How to Create Hyper-V Containers in Windows Server 2016

Microsoft's been pretty busy integrating Docker containers into Windows Server 2016, and some of the terminology can be confusing. I'm going to show you what Hyper-V containers are and how to use them in the context of Windows Server 2016.

Understanding Hyper-V containers

First of all, recall that a Docker container is an isolated application and/or operating system instance with its own private services and libraries.

Windows Server 2016 supports two types of Docker containers. Windows Server containers are containers intended for “high trust” environments, where you as a systems administrator aren’t as concerned about data leakage among containers running on the same host or leakage between the containers and the host operating system.

By contrast, Hyper-V containers are Docker containers that are more fully isolated from (a) other containers and (b) the container host computer. As you can see in the following architectural drawing, what sets Hyper-V containers apart from Windows Server containers is that Hyper-V containers have their own copy of the Windows operating system kernel and a dedicated user space.

Architectural diagram of Windows Server containers

The main confusion I’ve had in the past concerning Hyper-V containers is mistaking the containers for Hyper-V virtual machines. As you’ll see in a moment, Hyper-V containers do not appear to the container host’s operating system as VMs. Hyper-V is simply the tool Microsoft used to provide higher isolation for certain container workloads.

One more point before we get started with the demo: the container deployment model (Windows Server vs. Hyper-V containers) is irrespective of the underlying container instance and image. For instance, you can build a container running an ASP.NET 5 Web application and deploy containers from that image by using either the Windows Server or Hyper-V container type.

Preparing our environment

Okay, this is potentially confusing, so pay close attention to the following Visio drawing and my accompanying explanation. We’re using the Windows Server 2016 TP4 build, which I’ve downloaded to my Windows 8.1 administrative workstation.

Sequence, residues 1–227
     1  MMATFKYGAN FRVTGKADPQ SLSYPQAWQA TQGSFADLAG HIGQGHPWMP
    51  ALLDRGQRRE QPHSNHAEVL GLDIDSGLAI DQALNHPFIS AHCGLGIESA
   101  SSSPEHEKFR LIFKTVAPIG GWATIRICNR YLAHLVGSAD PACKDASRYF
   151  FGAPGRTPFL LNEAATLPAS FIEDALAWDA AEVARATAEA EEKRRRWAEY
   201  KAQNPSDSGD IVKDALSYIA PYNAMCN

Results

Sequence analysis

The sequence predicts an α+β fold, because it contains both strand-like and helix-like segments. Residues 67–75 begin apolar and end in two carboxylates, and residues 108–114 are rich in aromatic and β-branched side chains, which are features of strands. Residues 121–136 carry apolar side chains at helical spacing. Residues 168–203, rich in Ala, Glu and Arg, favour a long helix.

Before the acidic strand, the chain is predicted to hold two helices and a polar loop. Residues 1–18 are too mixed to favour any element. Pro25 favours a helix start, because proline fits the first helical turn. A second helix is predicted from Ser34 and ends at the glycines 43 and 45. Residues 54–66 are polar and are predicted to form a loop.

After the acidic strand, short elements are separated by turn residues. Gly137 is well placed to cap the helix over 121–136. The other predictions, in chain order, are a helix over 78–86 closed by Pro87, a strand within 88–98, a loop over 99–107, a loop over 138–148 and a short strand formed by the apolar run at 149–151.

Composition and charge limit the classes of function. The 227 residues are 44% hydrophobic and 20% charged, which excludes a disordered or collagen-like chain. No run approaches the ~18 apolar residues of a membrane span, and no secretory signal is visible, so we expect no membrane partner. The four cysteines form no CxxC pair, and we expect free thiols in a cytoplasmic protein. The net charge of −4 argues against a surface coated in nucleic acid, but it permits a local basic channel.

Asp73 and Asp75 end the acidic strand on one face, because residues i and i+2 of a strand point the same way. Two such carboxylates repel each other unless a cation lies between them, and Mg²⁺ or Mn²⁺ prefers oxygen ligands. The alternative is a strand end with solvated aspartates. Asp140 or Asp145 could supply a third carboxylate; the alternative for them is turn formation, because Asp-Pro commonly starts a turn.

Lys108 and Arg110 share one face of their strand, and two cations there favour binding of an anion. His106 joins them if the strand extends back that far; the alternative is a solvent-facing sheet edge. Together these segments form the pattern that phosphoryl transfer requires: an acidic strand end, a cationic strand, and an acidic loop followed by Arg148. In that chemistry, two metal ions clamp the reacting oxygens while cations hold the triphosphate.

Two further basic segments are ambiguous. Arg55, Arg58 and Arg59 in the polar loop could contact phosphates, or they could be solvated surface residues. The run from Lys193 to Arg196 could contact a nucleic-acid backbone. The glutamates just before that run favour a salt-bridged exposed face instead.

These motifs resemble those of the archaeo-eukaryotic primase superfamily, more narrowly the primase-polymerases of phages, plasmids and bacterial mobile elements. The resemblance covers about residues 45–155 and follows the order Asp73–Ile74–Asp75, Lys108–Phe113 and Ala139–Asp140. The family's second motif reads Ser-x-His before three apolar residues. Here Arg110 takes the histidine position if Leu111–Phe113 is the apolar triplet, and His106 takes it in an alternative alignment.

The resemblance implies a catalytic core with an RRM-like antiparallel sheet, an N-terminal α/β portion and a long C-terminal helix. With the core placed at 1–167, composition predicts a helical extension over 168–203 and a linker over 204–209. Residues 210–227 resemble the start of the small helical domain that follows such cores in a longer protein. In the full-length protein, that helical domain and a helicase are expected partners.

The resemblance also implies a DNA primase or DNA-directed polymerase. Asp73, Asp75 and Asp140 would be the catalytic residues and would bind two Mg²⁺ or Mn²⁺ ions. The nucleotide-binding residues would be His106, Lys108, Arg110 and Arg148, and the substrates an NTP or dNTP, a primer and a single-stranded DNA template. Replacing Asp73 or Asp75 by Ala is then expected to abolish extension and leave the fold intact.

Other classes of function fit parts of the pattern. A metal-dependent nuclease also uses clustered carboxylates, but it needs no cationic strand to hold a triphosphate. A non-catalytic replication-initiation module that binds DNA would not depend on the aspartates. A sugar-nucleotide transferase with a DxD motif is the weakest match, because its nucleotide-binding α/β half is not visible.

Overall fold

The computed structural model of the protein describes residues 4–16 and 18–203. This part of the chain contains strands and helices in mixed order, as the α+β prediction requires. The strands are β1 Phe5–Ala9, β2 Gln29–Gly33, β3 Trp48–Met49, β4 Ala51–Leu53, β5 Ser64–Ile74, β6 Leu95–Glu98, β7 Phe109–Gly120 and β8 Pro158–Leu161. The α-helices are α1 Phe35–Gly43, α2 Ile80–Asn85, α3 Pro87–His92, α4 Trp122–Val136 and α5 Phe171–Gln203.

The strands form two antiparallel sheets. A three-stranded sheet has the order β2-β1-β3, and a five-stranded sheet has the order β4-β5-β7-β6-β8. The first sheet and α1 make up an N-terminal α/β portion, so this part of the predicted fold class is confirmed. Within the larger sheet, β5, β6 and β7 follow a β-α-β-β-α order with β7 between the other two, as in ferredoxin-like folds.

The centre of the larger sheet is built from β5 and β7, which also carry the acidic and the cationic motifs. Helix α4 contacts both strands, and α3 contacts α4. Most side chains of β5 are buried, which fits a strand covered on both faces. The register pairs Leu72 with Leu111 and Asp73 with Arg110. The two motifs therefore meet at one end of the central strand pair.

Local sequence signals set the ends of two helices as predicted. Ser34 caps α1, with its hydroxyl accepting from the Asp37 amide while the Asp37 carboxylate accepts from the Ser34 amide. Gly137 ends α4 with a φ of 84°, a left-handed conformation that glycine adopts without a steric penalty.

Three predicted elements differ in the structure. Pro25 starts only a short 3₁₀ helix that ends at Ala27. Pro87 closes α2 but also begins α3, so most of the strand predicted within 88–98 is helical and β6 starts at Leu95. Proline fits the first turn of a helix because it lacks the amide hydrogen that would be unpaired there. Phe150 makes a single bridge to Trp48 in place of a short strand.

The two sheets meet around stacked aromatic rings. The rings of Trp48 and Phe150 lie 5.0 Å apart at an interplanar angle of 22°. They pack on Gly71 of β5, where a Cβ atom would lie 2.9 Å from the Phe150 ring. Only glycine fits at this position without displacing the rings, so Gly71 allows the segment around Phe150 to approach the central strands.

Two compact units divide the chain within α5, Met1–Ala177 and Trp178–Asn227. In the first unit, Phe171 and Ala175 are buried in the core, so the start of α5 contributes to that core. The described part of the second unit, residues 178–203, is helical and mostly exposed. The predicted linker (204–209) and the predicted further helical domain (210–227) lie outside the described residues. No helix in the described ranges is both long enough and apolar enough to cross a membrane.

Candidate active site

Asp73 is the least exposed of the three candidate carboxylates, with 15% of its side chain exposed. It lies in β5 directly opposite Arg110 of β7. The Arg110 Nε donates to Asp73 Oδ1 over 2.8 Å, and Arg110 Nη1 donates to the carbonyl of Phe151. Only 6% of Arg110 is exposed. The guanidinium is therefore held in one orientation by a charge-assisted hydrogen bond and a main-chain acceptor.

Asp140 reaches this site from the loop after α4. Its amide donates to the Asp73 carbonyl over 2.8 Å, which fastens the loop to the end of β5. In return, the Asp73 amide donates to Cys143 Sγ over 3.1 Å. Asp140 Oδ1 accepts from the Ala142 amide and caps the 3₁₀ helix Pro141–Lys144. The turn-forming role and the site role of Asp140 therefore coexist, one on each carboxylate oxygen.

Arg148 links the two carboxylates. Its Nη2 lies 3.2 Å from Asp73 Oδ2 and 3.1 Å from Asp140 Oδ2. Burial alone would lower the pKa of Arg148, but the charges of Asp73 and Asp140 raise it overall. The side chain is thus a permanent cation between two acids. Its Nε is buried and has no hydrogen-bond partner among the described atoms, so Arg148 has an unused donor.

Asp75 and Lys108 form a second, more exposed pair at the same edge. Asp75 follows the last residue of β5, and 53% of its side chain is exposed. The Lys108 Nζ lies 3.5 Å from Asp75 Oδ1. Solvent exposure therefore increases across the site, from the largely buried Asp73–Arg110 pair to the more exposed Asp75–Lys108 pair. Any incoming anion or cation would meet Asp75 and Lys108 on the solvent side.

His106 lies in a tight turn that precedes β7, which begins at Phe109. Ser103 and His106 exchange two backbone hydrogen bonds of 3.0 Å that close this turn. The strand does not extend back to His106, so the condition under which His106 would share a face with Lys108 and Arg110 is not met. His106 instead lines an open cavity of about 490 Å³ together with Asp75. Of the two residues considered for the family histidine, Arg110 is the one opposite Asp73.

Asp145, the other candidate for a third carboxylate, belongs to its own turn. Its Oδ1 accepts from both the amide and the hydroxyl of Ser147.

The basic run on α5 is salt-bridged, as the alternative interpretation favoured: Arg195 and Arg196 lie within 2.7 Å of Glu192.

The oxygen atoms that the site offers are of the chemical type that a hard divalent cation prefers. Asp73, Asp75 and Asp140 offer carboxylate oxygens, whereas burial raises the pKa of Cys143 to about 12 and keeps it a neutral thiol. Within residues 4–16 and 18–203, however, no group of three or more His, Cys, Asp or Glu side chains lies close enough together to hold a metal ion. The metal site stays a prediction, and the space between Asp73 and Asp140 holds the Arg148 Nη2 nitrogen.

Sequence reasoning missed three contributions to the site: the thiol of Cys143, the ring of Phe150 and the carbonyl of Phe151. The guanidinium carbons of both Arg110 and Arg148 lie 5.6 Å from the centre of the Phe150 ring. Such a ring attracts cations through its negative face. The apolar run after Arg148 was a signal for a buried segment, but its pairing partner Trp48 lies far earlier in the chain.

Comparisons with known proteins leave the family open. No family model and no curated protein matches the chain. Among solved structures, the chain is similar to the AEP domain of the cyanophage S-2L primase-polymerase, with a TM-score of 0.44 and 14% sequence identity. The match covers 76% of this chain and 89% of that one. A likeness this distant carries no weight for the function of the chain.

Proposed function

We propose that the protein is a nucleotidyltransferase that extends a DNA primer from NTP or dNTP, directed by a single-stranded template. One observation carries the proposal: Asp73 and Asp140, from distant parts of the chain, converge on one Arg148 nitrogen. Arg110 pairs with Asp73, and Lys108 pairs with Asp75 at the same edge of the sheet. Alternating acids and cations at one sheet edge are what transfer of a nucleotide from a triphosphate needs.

To enable the Docker container functionality in the TP4 image, we need to perform three actions:
  • Build a Windows Server 2016 TP4 virtual machine on a hypervisor that supports nested virtualization. Windows 10 client Hyper-V supports nested virtualization, as does VMware Workstation
  • Install the containers and Hyper-V roles in the TP4 VM
  • Download and run Microsoft’s container host setup script

Our lab environment

Is your mind wrapped around what we plan to do? Starting from our hardware host (A), we deploy a Windows Server 2016 TP4-based VM (B), run the setup script, which creates a container host VM (C). Finally, we can play with containers themselves (D).

Creating the container host VM

Log into your Windows Server 2016 VM, start an elevated Windows PowerShell console, and install the two required roles:

Install-WindowsFeature -Name Hyper-V
Install-WindowsFeature -Name containers

Restart the VM and open the Hyper-V Manager tool. We need to ensure we have an external switch defined; the container host VM creation script will fail if we don’t. I will show you my external switch, appropriately named External Switch, in the following screenshot:

We need an external Hyper-V switch to build our container host

Next, we’ll download the VM creation script and save it to our C: drive as a .ps1 script file:

Invoke-WebRequest -Uri -OutFile 'C:\New-containerHost.ps1'

NOTE: You may have to change the server’s PowerShell script execution policy.

Okay! Assuming we’ve shifted our PowerShell console to the C:\ path, we’re ready to run the script. In this example, I’m naming the VM conhost1, running Windows Server 2016 TP4 Server Core, and preparing the VM to host Hyper-V containers:

.\New-containerHost.ps1 -VmName 'conhost1' -WindowsImage 'ServerDatacenterCore' -HyperV

The script performs four key actions, which I annotate in the following screenshot and describe each annotation afterward:


The container host script log file
  • 1: Here the script verifies that the server has the containers and Hyper-V roles installed.
  • 2: Here the script creates an internal Hyper-V switch that NATs the range. This NAT allows the containers to interact with each other as well as the host.
  • 3: Here the script downloads two container images: one is Windows Server Core and the other is Windows Server Nano.
  • 4: Here the script installs the Docker runtime environment.


Creating a Hyper-V container